It’s a Sunday in April, and the Liberty Glass is full of queers eating soup. After paying a suggested donation, guests—both LGBTQ folks and allies—grab hunks of bread donated by Red Sauce Pizza and choose from three dishes prepared by queer-identified chefs: a vegan edamame miso dumpling soup in mushroom mirin broth, a traditional Dominican asopao de camarones y pollo, and a creamed leek and seasonal raab soup with breadcrumbs and Aleppo chili oil. By the end of the evening, the event has raised $1,200 for local social justice org NXT LVL PDX, and Portland’s first Queer Soup Night is officially a success.
“Queer Soup Night started as a response to the new administration, as a way to fight back and simultaneously hold and build community,” explains Queer Soup Night PDX leader Risa Lichtman. Lichtman is a chef whose resume includes Portland’s Sweedeedee and acclaimed New York restaurant Blue Hill at Stone Barns, as well as her own pop-up & catering company, Lepage Food & Drinks.
Queer Soup Night PDX is an offshoot of a Brooklyn-based organization founded by chef Liz Alpern in the wake of the 2016 election. The concept: create queer community with a free event (not centered on drinking or substances) that raises money for small, community-led organizations. Since its creation, Queer Soup Night has raised more than $15,000 for local charities, and has expanded to three official chapters across the country (including, improbably, Gainesville, Florida).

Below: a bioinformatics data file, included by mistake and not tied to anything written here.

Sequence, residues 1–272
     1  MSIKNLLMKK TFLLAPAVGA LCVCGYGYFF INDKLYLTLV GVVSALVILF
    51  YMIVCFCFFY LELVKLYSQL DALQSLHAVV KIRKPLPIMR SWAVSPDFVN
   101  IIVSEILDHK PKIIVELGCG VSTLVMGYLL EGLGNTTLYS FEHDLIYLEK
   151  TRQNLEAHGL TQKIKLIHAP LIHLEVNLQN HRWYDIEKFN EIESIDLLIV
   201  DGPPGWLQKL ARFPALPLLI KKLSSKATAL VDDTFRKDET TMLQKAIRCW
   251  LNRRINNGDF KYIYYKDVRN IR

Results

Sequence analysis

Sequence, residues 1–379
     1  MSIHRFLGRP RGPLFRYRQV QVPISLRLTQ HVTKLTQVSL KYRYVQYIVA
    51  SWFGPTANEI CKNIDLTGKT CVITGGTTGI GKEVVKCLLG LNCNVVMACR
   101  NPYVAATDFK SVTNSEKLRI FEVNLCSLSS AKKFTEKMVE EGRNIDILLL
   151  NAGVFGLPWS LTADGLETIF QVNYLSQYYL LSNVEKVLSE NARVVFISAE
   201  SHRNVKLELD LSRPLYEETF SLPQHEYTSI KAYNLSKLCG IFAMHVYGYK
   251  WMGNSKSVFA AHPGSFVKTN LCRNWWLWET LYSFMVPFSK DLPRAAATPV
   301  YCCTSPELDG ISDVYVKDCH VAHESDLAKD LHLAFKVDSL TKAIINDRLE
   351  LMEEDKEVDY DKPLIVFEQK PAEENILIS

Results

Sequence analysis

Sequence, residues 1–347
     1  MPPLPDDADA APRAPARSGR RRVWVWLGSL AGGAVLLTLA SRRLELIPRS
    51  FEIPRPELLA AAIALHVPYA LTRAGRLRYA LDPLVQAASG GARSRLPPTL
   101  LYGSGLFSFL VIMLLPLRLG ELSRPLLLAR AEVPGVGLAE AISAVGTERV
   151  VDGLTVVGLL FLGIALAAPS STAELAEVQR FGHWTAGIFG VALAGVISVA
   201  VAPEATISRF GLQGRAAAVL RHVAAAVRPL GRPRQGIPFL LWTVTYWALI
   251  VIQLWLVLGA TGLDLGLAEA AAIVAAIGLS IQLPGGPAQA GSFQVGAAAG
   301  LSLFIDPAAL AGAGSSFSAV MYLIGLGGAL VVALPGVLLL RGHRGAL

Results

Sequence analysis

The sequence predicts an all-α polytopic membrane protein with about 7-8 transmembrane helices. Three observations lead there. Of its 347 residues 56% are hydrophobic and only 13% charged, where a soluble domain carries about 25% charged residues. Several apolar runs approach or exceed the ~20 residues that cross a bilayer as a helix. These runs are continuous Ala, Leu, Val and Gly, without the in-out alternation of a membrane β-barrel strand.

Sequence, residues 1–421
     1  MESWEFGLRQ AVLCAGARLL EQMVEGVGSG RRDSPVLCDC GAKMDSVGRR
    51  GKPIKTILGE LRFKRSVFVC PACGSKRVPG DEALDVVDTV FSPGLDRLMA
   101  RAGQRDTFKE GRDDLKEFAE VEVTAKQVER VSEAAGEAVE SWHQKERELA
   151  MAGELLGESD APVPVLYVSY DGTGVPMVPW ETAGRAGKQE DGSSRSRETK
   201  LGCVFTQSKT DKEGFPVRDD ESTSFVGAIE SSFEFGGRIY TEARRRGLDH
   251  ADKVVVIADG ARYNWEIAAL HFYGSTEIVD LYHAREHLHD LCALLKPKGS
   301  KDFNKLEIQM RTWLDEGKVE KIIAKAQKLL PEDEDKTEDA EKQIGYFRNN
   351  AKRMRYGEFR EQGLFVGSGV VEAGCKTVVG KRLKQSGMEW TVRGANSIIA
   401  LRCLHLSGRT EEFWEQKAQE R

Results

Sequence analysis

“While it’s always important to support national organizations fighting the good fight, it’s also important to support local organizations who have less funding, less resources, and are right here in our own backyards trying to make change,” says Lichtman. “The queer community is not rich … yet the amounts that folks give back is astonishing.”
Like Alpern, Lichtman responded to the 2016 election by searching for ways to support marginalized communities. “There were of course protests and letter writing and showing up physically for the any important causes we’ve been fighting for,” she says. “But I realized one of the best ways I could show up was through my food. It’s my way of making people feel safe and taken care of.” Lichtman began throwing benefit dinners for SMYRC, Ori Gallery, and other local organizations. When Alpern asked Lichtman to spearhead Queer Soup Night events in Portland, it felt like a perfect fit.
The second Queer Soup Night PDX will be held at Handsome Pizza, featuring tunes by DJ Le’Mix and three soup options: vegan tortilla, roasted pumpkin with crème fraiche and pepitas, and turmeric chicken soup with matzoh balls. All donations will benefit Pueblo Unido PDX, an organization that provides resources for Latinx Portlanders with vulnerable immigration statuses. The fun is planned for the evening of Tuesday, November 6—that’s right, election night.
“It’s so important for us to gather in community, and especially on election day because who knows how we’re going to be feeling,” Lichtman says. “Whether we’re celebrating or mourning … it will feel best to be doing so together.”
6–9 p.m. Tue, Nov 6, Handsome Pizza, $10–20 suggested donation. Nobody will be turned away for lack of funds.